Data: The Path to Better Resident Care

See how resident care data and technology are revolutionizing senior living, making it easier to provide a better resident experience.

Amanda McGrory-Dixon , August 21, 2023

Amanda McGrory-Dixon

Few industries are as dependent on personal relationships as senior living. That’s because maintaining the physical and emotional health of older adults requires a wide range of skills and services that goes far beyond medical care. Senior living communities go the extra mile, not only to make sure that residents are healthy, but also to provide a fulfilling living experience. Data will play a leading role in helping operators deliver the best experience possible.

Data leads to personalized caregiving

Many people see technology as a “sterile” approach to care for older adults. After all, how can computers and algorithms possibly provide the same level of personal attention that caring staff members offer every day? In fact, the ability to collect and analyze data from multiple sources has proven to be a major asset. Technology enables caregivers to know as much as possible about residents and provide higher levels of support. Artificial intelligence can empower staff to flag potential issues early on and take steps to prevent them from becoming serious problems.

In his blog series about the key drivers shaping the future of senior living, Robert Kramer, NIC CO-Founder and Strategic Advisor writes, “Senior living providers need a tech platform to capture data and deploy predictive analytics to create customized solutions. It’s these customized solutions that will drive real value for investors, owners, operators and customers.”

New ways to gather data

The traditional approach to collecting data has required manually inputting information on everything from resident behavior to nutrition data to medications, but advances in senior living technology are giving operators unprecedented access to real-time information that has historically been difficult to track.

Beyond senior living software, the use of commonly available wearables and voice-powered assistants like Alexa can help residents stick to healthy routines, improve safety, and prevent serious health situations, and they also give caregivers a powerful way to collect and use detailed data about resident behavior in a non-invasive way. Ali Sareea, Chief Technology Officer at Aline, says that wearables are going to be a large part of the future of assisted living, and so are voice-controlled personal assistants like Alexa and Google Home. “As you age, it’s harder to navigate with your fingers, but your voice still stays pretty strong. The more you can interact with your voice, the easier it is to control your environment.”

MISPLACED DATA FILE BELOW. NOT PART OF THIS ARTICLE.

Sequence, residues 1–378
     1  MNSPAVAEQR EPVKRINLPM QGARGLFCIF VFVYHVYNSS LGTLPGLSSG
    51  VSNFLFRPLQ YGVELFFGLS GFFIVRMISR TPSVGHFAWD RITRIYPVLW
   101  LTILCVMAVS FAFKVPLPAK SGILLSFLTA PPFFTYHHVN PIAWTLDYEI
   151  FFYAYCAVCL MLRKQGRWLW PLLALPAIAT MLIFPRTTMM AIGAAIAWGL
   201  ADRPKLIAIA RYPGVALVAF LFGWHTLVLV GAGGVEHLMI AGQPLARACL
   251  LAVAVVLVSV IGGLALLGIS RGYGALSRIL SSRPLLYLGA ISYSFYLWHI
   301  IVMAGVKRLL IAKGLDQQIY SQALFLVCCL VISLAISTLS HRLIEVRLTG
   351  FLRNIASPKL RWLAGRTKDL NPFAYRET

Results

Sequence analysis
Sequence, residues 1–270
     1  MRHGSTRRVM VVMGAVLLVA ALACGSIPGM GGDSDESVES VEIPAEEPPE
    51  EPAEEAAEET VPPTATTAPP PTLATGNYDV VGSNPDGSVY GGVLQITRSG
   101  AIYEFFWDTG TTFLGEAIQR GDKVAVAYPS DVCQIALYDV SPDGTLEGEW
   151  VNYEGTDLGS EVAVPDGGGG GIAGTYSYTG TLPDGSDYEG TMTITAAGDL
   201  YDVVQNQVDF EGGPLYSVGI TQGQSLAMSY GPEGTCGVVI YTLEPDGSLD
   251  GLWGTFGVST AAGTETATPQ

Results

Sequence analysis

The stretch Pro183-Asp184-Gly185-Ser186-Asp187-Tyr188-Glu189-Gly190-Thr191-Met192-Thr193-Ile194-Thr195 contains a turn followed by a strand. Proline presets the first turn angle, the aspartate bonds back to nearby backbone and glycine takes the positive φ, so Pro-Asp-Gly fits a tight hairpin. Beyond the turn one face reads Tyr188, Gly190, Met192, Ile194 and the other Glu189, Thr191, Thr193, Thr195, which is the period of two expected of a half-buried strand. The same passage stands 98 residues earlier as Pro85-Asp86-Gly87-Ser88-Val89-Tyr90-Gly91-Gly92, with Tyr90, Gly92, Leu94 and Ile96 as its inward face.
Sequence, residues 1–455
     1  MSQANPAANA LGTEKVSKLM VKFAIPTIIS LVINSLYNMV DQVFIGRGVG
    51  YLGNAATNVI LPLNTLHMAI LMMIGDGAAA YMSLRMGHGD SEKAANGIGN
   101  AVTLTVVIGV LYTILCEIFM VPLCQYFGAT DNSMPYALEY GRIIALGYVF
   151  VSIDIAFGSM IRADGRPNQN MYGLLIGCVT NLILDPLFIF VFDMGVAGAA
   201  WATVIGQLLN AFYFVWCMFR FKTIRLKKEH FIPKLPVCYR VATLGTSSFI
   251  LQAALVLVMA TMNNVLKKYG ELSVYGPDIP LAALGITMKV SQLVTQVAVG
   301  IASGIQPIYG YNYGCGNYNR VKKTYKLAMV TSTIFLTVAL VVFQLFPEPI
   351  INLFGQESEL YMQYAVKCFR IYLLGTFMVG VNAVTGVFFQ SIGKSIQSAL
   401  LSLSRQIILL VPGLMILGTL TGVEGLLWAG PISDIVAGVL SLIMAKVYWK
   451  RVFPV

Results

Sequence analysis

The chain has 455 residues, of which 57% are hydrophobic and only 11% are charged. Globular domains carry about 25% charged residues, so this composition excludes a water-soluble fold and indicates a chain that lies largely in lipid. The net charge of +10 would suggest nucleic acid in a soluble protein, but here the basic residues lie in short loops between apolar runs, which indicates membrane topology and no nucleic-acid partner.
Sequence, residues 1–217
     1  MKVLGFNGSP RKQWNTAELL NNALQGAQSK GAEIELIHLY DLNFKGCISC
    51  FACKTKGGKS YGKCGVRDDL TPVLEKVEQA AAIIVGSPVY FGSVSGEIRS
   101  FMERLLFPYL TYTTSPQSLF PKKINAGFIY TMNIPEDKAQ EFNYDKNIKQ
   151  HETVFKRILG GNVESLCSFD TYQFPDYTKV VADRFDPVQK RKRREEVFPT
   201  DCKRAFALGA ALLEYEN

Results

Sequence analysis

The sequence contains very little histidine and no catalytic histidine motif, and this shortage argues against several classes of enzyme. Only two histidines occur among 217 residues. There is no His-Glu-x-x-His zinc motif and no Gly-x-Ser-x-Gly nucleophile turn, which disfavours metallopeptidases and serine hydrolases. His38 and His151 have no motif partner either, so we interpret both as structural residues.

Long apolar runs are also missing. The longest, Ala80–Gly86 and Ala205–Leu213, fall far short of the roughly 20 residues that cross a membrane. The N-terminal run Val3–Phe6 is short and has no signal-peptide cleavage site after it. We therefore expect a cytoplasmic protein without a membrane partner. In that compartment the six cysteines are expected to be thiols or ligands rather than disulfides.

Data is the window to better resident care

Data can profoundly improve every aspect of a resident’s living experience from healthcare to socialization. “Everybody knows that healthcare is going more and more digital,” says Sareea. “Data gives you the ability not just to manage information within your four walls but to know what’s going on at all times and be able to exchange that data electronically, not just for operations but within the community.”

One of the most difficult problems that seniors face whether living at home or in a community is isolation. Although senior living operators provide a wide range of community activities ranging from meals to group outings to game nights, residents who are feeling anxious or depressed often limit their participation and avoid venturing out of their rooms. The physical and emotional effects of this are profound: according to Consumer Affairs, the risk of stroke, heart disease and mental health issues increases by more than 25% for seniors who are isolated. The good news is that data can play a key role in determining which residents require extra care and encouragement when it comes to interactions with other people.

It is often difficult for professionals to get an accurate picture of who is participating in activities and who is not. This is where the use of software and wearables that track activity, is transforming how senior living facilities can get real-time information on resident behavior and gauge the success of their programming. Staff can monitor these devices to figure out who isn’t getting in enough steps and who is spending too much time by themselves, who is attending activities and even what menu options are most popular. And they don’t have to wait weeks or months to act. Staff can look at a reporting dashboard and take immediate action to help isolated residents by offering to take them on walks, inviting them to group activities, or making sure they eat in the dining room rather than in their own rooms.

The assisted living software of the future will utilize the information gathered through wearables and other interactive tools to analyze everything from resident participation, socialization, and preferences to medication usage, staff efficiency, and the profitability of each location and program. This data will help owners and operators of senior living facilities develop best practices not only for resident care, but for their overall operations.

Take compliance for example. Technology enables automatic data collection for built-in compliance. According to Sareea, “Regulatory compliance will follow automatically because the technology will enable you to capture the records, take the precautions, and handle the tasks you need to on a timely basis. Then it doesn’t matter when the regulator shows up, because you’ll have all your records in order.”

To learn more about how Aline can help your senior living community achieve a higher level of performance, get a free demo.

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